Wednesday, February 23, 2011

Great Memories of Edgar Street said Sheedy

In November 2009 former Hereford United player Kevin Sheedy was appointed a Herefordshire Ambassador. Last summer he gave an interview to Herefordshire Life. Here's a part of it.

Kevin makes a great ambassador for the sport in the county, where he carved his future on the pitch at Hereford United in the 1970s. And now he’s also an Ambassador for the county as a whole, signed up by Visit Herefordshire to promote the place he called home for 14 years.

When he ditched school for the football pitch at the age of 15, Kevin was drawn by the love of the game, not the astronomical wages today’s top players can command. Football in the ’70s was not seen as a moneymaking activity. Top players didn’t drive around in Lamborghinis and live in multi-million pound mansions; they more likely drove an MG and had a nice semi on a new estate… they answered the phone themselves rather than having every contact channelled through their management team.

"When I joined (1975) my starting wages were £17 a week and that had to pay for my digs and everything," he laughs.

"Hereford (United) was my apprenticeship. I joined when I was nearly 16, so that was my first introduction into professional football. I had a good manager and coach and they taught you the discipline required. You had to be hard-working, not just on the football side but we did every job going from washing kits to cleaning boots, sweeping and painting the stands to weeding the pitch. They definitely got their money’s worth out of you in those days.

"I coach under-18s now and it’s hard enough to get them to clean their own boots let alone anyone else’s. In my mind it gave you the right discipline and certainly stood me in good stead for my career. Loads of talented players I see don’t have the desire or mental strength and you need that as a top sports person because things don’t always go well. You need to be mentally strong to use the talent you have, as well as have determination and self-belief."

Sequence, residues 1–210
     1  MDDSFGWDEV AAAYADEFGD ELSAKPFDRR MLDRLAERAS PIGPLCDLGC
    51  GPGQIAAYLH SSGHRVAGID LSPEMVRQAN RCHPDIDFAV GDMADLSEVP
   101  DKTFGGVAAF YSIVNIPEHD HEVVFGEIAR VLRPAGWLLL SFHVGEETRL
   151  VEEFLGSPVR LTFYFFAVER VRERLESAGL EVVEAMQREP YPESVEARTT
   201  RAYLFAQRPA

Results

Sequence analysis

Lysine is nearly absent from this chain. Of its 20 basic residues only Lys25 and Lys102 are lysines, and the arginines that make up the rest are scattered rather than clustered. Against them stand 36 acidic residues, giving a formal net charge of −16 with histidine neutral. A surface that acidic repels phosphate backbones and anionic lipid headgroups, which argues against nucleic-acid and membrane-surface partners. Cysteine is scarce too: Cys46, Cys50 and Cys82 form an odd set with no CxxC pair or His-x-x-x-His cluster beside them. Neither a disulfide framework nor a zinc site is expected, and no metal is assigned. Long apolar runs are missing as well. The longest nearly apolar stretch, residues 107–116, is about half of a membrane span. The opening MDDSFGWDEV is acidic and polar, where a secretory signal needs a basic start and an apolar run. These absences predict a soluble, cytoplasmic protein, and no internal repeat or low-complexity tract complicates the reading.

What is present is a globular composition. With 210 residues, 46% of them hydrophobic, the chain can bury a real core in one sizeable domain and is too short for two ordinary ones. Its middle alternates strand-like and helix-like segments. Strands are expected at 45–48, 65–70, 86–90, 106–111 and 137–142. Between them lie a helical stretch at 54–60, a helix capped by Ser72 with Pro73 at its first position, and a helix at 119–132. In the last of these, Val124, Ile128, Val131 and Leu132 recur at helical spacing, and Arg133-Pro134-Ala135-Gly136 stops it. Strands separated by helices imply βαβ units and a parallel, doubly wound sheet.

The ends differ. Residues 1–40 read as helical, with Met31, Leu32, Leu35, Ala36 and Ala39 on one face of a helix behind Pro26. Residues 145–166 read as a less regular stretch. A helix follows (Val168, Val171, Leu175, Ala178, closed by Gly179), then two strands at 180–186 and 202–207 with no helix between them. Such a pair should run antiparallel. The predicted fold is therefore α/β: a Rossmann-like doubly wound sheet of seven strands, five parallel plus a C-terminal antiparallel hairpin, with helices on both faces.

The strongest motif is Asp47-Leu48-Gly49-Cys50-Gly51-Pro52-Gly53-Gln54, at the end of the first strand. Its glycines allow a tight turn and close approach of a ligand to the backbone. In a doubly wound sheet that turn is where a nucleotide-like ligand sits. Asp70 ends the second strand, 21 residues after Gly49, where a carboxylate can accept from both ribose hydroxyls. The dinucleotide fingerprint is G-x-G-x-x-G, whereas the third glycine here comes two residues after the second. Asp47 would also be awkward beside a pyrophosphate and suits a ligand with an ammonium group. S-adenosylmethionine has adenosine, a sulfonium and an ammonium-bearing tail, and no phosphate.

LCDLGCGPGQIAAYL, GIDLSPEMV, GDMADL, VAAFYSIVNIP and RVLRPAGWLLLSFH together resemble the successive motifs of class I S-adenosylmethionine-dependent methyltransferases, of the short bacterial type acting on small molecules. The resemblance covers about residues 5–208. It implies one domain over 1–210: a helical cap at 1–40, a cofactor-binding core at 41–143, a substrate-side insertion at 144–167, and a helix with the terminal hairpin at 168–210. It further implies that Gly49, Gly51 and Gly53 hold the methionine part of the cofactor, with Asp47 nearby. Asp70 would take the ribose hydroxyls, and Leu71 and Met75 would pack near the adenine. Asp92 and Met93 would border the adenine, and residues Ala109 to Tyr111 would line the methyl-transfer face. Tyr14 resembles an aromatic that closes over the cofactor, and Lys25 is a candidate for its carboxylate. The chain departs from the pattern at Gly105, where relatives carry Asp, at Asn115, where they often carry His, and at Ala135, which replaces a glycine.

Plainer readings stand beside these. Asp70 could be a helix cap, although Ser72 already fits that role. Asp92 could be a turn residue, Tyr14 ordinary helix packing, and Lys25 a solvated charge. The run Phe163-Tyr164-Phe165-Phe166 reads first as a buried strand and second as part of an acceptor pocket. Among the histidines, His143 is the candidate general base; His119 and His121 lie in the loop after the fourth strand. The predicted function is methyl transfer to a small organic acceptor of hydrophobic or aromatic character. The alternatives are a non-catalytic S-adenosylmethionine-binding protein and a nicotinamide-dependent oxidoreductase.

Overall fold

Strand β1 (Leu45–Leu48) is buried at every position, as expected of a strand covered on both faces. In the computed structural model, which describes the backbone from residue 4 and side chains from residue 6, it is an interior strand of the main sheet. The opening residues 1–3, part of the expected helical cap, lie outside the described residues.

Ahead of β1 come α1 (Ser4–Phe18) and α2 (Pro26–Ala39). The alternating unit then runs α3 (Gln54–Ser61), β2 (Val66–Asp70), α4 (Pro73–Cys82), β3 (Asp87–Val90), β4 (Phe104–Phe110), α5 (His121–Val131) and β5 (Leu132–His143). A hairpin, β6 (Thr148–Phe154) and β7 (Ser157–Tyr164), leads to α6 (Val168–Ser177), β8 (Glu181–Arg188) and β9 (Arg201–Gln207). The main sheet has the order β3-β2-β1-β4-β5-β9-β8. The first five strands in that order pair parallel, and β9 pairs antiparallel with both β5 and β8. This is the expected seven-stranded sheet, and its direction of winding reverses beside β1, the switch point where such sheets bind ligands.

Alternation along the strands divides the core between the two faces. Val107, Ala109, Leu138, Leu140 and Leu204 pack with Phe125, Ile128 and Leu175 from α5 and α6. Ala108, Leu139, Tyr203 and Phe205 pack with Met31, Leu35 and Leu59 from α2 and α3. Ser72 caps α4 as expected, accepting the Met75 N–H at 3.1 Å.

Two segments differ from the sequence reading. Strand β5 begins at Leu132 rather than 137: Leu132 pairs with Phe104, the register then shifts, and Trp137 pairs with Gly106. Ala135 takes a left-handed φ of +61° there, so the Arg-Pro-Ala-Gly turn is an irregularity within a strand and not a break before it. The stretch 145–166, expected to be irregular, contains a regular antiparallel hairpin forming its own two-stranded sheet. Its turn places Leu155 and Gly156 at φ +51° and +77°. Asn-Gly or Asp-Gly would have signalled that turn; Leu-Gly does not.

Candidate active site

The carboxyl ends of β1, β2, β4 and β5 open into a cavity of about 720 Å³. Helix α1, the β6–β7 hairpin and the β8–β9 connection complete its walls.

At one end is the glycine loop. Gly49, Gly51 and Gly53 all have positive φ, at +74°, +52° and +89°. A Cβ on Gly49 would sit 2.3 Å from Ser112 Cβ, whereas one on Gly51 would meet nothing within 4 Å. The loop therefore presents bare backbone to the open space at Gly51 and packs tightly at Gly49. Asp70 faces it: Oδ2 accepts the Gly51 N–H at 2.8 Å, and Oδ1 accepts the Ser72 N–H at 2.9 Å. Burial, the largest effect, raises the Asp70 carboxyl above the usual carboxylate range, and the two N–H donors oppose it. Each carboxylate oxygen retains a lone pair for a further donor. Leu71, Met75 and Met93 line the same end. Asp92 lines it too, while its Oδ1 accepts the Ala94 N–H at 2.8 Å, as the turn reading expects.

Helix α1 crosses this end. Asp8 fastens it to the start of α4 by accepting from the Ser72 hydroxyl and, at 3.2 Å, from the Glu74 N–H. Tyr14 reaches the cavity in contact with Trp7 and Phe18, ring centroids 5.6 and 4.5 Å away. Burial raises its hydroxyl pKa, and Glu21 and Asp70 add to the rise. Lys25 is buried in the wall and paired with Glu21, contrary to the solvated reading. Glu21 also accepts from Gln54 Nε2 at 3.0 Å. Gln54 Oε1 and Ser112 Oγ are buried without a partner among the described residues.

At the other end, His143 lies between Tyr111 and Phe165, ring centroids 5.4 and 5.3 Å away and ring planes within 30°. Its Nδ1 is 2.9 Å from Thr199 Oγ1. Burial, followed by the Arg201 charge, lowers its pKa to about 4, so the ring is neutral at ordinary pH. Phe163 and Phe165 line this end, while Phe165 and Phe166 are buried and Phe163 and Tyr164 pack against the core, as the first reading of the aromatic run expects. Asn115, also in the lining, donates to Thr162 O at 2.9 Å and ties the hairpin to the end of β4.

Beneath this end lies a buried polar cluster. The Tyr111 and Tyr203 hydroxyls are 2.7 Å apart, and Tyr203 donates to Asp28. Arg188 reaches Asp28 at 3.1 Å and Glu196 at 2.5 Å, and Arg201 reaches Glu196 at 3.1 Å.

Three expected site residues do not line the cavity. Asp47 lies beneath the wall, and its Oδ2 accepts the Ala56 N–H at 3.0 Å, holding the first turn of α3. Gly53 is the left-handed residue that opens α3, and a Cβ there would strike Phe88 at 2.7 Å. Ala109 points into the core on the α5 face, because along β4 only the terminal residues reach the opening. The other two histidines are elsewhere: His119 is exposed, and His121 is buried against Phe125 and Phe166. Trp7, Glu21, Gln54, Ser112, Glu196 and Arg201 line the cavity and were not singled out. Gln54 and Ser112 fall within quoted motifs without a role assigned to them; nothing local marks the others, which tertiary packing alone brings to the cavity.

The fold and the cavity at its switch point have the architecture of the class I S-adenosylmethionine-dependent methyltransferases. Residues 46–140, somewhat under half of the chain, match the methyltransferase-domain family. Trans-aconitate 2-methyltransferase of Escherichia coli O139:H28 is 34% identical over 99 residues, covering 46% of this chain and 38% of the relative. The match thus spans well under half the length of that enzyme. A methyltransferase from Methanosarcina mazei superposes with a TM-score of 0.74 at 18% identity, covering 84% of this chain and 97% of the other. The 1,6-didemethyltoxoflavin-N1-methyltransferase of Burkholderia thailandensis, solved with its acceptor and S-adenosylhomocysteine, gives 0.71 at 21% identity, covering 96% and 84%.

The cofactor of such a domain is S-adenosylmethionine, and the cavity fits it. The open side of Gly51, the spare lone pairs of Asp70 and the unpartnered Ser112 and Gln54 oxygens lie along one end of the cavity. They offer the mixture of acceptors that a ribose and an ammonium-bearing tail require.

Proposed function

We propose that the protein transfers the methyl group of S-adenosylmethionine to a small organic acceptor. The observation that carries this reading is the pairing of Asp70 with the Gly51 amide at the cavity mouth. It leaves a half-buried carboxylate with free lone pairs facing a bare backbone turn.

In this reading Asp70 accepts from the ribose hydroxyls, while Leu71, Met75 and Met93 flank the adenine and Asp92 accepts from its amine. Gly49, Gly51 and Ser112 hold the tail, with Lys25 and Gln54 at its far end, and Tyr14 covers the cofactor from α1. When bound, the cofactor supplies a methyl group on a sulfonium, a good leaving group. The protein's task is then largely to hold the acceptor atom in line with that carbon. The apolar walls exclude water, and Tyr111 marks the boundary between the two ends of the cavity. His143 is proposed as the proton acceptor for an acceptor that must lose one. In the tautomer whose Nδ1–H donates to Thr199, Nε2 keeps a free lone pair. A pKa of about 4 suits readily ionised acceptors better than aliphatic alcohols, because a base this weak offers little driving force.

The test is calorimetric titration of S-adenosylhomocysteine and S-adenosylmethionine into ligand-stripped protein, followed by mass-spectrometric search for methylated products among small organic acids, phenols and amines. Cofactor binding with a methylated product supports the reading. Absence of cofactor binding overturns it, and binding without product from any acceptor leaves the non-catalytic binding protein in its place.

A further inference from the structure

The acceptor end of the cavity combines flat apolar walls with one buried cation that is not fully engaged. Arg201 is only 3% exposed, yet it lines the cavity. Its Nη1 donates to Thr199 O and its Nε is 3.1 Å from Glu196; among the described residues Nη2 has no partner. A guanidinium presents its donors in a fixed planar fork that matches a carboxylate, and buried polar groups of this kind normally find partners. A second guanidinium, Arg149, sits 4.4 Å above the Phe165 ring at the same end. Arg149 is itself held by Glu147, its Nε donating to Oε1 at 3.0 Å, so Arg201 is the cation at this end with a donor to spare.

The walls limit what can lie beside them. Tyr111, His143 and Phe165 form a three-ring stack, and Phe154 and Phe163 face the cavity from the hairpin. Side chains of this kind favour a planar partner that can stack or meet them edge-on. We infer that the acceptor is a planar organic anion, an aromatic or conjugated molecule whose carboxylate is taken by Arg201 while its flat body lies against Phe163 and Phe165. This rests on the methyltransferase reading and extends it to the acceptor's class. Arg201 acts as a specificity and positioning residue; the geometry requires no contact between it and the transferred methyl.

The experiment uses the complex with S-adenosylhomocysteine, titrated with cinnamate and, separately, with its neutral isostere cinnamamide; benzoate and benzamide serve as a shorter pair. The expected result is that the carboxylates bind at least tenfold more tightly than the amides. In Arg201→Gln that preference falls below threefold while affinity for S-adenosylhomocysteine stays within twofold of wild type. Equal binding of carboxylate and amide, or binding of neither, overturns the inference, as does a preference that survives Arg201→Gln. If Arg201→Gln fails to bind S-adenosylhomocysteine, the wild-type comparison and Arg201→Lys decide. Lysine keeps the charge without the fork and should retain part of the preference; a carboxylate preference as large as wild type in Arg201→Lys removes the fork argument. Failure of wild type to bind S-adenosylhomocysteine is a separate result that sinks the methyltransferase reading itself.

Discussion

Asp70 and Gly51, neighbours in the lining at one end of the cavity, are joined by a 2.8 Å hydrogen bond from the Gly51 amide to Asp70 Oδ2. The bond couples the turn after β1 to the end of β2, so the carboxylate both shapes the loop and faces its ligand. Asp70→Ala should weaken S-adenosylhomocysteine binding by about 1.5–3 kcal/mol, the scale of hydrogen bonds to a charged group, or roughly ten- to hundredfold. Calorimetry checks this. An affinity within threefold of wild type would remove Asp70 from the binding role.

Kevin’s own talent was evident from an early age. He was born in Builth Wells, Wales (of Irish descent) and grew up in Allensmore just outside Hereford, which his parents and brother still call home. He was a pupil at St Francis Xavier’s in Berrington Street and then St Mary’s RC High in Lugwardine. It was only in the last two years of secondary school that he played football at what until that point had been a predominantly rugby school. He honed his skills on the football pitch with Herefordshire Lads Club where he was spotted by the coaches at Hereford United.

"I never contemplated doing anything with my life other than football. It was my life," he admits. "I left school at 15 without any qualifications or exams and I was lucky that the headmaster, Mr (Ken) Lapsley realised I had potential so let me go training every morning instead of going to school. I just needed to drop in to sign the register. It was thanks to him I had a head start."

Kevin was able to show his gratitude to Mr Lapsley when nine years after leaving the school, he sent his former head teacher two complimentary tickets to his first Cup Final for Everton, against Liverpool.

He left Edgar Street in 1978 when he was signed to Liverpool and four years later, moved to Everton where he was first choice left winger in the hugely successful 1980s side – part of the 1984 FA Cup winning team, followed by wins in the 1985 and 1987 Football League Championship, and scoring in the final of the 1985 European Cup Winners' Cup. He played for Ireland’s Euro ’88 squad in Germany. He ended his playing career in 1994 with Blackpool, and was assistant manager at Tranmere Rovers for five seasons and then at Hartlepool United before joining Everton’s coaching staff in 2006.

Although for years his home has been just outside Liverpool, Kevin pops back to Hereford to visit family and friends whenever possible. "Hereford is where my roots are. Driving back here feels like driving home. When I was playing at Hereford United a lot of people signed to play for the club ended up staying here and I find a lot of people do end up staying because it’s a nice part of the country to live.

"The football club was where I made my profession, so whenever I drive past Edgar Street it holds great memories for me."